CBD Prevents Seizures in Dravet Children, but Linked to Side Effects

Analysis: Clinicians should consider adverse effects before treatment

Lindsey Shapiro, PhD avatar

by Lindsey Shapiro, PhD |

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Although the use of cannabidiol (CBD) is associated with reduced seizure frequency in children with Dravet syndrome, various cannabinoid-based products, including CBD, may be linked to adverse side effects in pediatric patients, a meta-analysis showed.

Specifically, treatment with CBD may lead to an increased tendency for children to experience gastrointestinal problems, a reduced appetite, and mental health concerns, the data showed. Among the “mental events” cited were fatigue, irritability, aggression, and mood changes.

“This meta-analysis … showed that medical cannabinoids are associated with safety aspects, including SAE [serious adverse events] incidence, decrease in appetite and adverse mental events in the pediatric population,” the researchers wrote.

“These effects should be taken into consideration before and during treatment,” the team noted, adding that more studies will be needed to confirm these findings.

The study, “Efficacy and safety of medical cannabinoids in children: a systematic review and meta-analysis,” was published in Scientific Reports.

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Cannabinoids are a class of compounds derived from the cannabis plant, and include delta (9)-tetrahydrocannabinol (THC) — the predominant mind-altering component of cannabis — and CBD, the main non-psychoactive component.

Plant-based cannabinoids and other lab-made versions have gained substantial attention for their potential therapeutic properties, including an ability to reduce seizure frequency in patients with epilepsy.

Epidiolex, an oral CBD solution, is an approved  therapy in the U.S., the EU, and other countries for preventing seizures in patients with Dravet and Lennox-Gastaut syndromes. Other cannabinoid products, containing CBD and/or THC at various ratios, have been evaluated as treatments for a range of conditions, including some epilepsy types.

Investigating CBD use in children

While such products are increasingly being used in children, there are conflicting reports of their risk-to-benefit ratio in pediatric populations. As its name suggests, this ratio is an analysis that seeks to quantify the risk versus the benefits of a given therapy.

To learn more, a team of researchers, led by scientists in Israel, conducted a review and meta-analysis of eight studies that evaluated cannabinoid products in pediatric patients. The aim was to gain a better sense of the efficacy and safety of such products.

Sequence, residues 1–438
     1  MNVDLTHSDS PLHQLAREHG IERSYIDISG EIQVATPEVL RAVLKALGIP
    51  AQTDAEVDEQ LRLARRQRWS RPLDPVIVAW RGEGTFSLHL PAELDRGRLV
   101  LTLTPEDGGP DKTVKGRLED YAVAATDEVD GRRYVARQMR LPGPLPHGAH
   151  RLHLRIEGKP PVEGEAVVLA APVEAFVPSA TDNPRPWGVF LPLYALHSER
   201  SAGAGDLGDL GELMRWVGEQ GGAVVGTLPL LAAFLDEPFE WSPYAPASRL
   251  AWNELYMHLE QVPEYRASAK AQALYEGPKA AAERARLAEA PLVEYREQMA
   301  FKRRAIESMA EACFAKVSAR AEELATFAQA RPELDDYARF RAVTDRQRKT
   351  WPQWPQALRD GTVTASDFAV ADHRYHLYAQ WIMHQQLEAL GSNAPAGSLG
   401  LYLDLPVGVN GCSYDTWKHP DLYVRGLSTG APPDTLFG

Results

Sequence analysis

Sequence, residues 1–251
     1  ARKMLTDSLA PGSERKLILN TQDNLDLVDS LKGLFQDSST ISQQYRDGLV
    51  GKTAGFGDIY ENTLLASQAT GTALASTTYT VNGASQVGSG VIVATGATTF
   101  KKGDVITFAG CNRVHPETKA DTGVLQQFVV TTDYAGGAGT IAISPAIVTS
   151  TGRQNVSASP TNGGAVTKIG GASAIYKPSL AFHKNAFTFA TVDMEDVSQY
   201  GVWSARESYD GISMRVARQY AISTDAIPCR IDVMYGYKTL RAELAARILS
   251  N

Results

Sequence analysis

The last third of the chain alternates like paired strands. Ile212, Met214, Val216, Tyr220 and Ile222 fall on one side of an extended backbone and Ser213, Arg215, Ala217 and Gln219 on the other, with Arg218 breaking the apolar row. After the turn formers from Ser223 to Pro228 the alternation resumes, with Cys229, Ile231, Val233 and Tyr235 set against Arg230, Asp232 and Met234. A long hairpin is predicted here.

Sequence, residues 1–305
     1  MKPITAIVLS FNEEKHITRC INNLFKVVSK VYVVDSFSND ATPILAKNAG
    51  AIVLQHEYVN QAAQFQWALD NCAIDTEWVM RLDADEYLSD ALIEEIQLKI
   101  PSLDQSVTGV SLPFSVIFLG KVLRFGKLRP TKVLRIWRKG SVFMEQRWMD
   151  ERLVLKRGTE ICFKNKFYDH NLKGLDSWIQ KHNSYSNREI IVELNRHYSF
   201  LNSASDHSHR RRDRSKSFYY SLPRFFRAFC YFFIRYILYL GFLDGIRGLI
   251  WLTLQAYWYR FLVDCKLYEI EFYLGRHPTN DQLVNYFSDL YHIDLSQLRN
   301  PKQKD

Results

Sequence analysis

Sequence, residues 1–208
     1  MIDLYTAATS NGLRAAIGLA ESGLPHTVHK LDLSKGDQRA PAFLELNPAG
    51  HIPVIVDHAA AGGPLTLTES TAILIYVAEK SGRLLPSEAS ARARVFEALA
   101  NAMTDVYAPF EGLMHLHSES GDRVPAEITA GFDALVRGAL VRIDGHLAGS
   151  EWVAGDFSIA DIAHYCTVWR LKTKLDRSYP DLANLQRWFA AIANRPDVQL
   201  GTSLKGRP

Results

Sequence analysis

Overall, 642 patients were included in the studies, and the cannabinoids were tested for indications including Dravet syndrome, severe behavior problems, chemotherapy-induced nausea, spasticity, and autism spectrum disorder.

Of these eight studies, five evaluated a cannabinoid’s effect on seizures. Three tested oral CBD (Epidiolex) in Dravet patients, while two used a CBD-THC mixture. Those two trials were not conducted in Dravet patients; they were primarily aimed at evaluating muscle spasticity and autism, but each also evaluated seizures.

A pooled analysis showed that CBD likely leads to a 50% reduction in seizure frequency, compared with before treatment, among children who used it. While pure CBD was deemed likely to lower seizure rates compared with a placebo, mixed products containing THC were not associated with a similar decrease.

CBD also was linked to improvements in the Caregiver Global Impression of Change (CGIC) scale relative to a placebo, reflecting that caregivers felt the child improved under treatment.

The researchers cautioned that while CBD is expected to lead to improvements in many Dravet patients, “it may substantially exacerbate the epilepsy condition” in others. Future studies in other forms of pediatric epilepsy also are warranted, the researchers added.

Across the studies, including those for Dravet as well as other indications, cannabinoid use was linked to some adverse events, although not all findings were statistically significant.

Cannabinoid exposure of any type tended to be associated with an increase risk of serious adverse events, but the finding was not statistically significant. Similarly, CBD was linked to decreased appetite, but again, the finding failed to reach significance.

In subgroup analyses, CBD, but not mixed products, were linked to the presence of gastrointestinal problems, like diarrhea, nausea, or vomiting.

In most studies, the rate of adverse mental events was higher in the cannabinoid group than a comparator group, regardless of the type of cannabinoid used. In four of eight studies, that difference was found to be statistically significant.

Overall, while CBD demonstrates anti-seizure benefits in children with Dravet, “the potential harmful effects of medical cannabinoids suggest that healthcare providers should be aware of possible adverse mental events,” and that healthcare providers “should follow appetite and physical development in children exposed to CBD.”

The team noted, however, that the study is limited by a small sample size and that more work is needed to strengthen the findings.

It also will be important in future studies to assess the longer-term effects of these medications in pediatric populations, they added.

“The permanent consequences of cannabinoids exposure are still unclear, as timing and duration of exposure might play a crucial role in its long-term trajectory,” the team wrote, adding that this “should be examined in studies conducted for the long term.”